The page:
Chicago: The United States launched the largest clinical trial of its kind Monday aimed at studying targeted therapies for cancer based on the genetic traits of tumors, a field known as precision medicine.
The US National Cancer Institute plans to enroll about 1,000 patients beginning in July, experts said at the American Society of Clinical Oncology (ASCO) meeting in Chicago.
“This is the largest and most rigorous precision oncology trial in history,” said James Doroshow, deputy director of the National Cancer Institute.
Rather than treating cancer based on its location — whether breast, colon, lung or otherwise — the approach consists of identifying the molecular anomalies of different cancers in order to determine the best treatments for each individual.
For example, a patient with lung cancer might be best treated with a medicine typically used for another kind of cancer, such as breast cancer, if the tumors share a similar mutation.
The promise of precision medicine is that it may someday lead to more effective treatments and shorter clinical trials for the some 200 different types of tumors known today.
Modern medicine has made huge strides when it comes to treating children with cancer, and four times as many youths now survive cancer compared to decades ago, researchers said.
Life expectancy after a battle with pediatric cancer is also longer than it used to be, according to the findings released at the ASCO meeting.
The study was based on an analysis of more than 34,000 participants in the federally funded Childhood Cancer Survivor Study, which follows five-year survivors of childhood cancer diagnosed between 1970 and 1999 at 31 US and Canadian hospitals.
“Fifty years ago, only one in five children would survive cancer, and today over 80 percent are alive five years after diagnosis,” said lead study author Gregory Armstrong, a pediatric oncologist at St. Jude Children’s Research Hospital.
Child cancer survivors still face an increased risk of heart disease and a second cancer in the future, but improvements have been made by offering more refined and less harsh treatments than in the past, he added.
“Now, we’ve not only helped more children survive their primary cancer, but we’ve also extended their overall lifespan by reducing the overall toxicity of treatment in more modern eras.”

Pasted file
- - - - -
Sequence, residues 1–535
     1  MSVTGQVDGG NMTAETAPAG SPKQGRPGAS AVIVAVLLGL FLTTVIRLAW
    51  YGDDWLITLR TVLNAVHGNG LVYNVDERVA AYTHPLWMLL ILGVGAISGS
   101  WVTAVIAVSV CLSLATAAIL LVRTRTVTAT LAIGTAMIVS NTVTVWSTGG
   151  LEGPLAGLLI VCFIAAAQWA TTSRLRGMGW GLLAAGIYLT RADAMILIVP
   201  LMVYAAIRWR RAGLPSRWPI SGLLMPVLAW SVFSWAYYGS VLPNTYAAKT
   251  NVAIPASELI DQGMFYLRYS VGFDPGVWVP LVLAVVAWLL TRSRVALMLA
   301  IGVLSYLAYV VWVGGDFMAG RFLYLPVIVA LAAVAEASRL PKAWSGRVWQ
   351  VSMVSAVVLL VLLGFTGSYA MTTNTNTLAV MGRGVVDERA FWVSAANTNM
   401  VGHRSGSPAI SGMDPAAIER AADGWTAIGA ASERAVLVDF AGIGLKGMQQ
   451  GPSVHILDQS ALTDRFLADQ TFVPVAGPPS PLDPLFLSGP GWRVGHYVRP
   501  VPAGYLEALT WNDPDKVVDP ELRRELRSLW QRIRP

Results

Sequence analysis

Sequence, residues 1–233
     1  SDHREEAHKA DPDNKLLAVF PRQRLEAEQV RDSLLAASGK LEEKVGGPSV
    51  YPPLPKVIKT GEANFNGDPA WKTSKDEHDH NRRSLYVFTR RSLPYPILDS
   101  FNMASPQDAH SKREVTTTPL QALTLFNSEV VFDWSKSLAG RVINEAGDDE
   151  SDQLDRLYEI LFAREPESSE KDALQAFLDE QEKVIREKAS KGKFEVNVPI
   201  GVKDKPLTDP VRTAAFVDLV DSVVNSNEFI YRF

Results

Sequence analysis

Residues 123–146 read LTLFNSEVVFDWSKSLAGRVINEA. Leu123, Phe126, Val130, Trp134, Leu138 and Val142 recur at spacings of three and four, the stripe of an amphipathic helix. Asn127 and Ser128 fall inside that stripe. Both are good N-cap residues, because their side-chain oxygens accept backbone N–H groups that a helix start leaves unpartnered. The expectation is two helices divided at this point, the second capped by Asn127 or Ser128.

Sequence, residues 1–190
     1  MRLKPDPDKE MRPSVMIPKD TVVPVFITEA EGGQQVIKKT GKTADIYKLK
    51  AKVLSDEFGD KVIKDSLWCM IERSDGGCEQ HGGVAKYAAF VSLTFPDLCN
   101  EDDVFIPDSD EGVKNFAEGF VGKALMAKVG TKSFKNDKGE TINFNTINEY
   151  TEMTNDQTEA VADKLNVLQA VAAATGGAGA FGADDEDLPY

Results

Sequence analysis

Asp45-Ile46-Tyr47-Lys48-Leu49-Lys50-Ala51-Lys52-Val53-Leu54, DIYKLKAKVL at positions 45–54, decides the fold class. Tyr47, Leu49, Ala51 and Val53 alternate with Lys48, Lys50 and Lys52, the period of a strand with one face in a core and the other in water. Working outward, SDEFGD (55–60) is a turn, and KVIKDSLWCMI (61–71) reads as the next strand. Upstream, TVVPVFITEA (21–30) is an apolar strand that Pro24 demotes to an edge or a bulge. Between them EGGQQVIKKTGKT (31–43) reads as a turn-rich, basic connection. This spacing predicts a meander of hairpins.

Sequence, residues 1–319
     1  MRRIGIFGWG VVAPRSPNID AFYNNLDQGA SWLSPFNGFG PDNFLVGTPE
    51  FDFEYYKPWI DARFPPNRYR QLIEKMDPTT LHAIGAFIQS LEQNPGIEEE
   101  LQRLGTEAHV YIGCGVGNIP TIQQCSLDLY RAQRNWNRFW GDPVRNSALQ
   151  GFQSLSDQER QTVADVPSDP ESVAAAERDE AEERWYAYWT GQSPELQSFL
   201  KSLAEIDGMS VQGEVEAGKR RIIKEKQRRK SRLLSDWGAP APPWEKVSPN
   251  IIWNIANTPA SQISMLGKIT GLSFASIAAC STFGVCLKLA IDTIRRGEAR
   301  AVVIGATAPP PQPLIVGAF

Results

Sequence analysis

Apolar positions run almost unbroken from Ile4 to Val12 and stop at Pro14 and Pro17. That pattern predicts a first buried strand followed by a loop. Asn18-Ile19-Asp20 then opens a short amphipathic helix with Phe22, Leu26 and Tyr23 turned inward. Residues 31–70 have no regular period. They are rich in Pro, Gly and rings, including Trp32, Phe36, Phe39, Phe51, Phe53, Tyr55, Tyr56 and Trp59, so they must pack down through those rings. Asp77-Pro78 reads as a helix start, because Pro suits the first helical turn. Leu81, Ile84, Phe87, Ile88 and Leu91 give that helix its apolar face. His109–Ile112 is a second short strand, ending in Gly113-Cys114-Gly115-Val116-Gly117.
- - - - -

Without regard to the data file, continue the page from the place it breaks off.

Researchers found that among children who live five years after a diagnosis—those known as five-year survivors—only six percent are expected to die in 15 years’ time.
That’s a big improvement over the 1970s, when there was a 12.4 percent mortality rate among children with cancer after 15 years.
Researchers credited a gradual refinement of treatment, including lower intensity treatment for many pediatric cancers, for the gains in survival.
“While the modernization of cancer therapy has probably made the most significant difference, improvements in supportive care for survivors, and screening, detection, and treatment of late effects, like new cancers and heart and lung disease, have played an important role in extending their lifespan as well,” Armstrong said.
Promising advances in research could also mean longer, healthier lives for women with breast cancer, the number one cancer in women worldwide, experts said.
A new targeted therapy that appears to double the amount of time cancer can be held in check, a drug that offers more women a chance at healthy lives post-diagnosis and a surgical option to remove extra tissue in order to reduce the likelihood of cancer’s return were among the findings presented in Chicago.
The targeted drug, palbociclib, is made by Pfizer and was granted accelerated approval by the US Food and Drug Administration earlier this year for use in women with the most common form of advanced breast cancer, known as estrogen receptor positive (ER+), human epidermal growth factor receptor 2 negative (HER2-).
According to the findings of a phase III trial presented at the ASCO meeting, the drug — when used in combination with an anti-estrogen agent called Fulvestrant — was able to double the time women spent without having their cancer advance.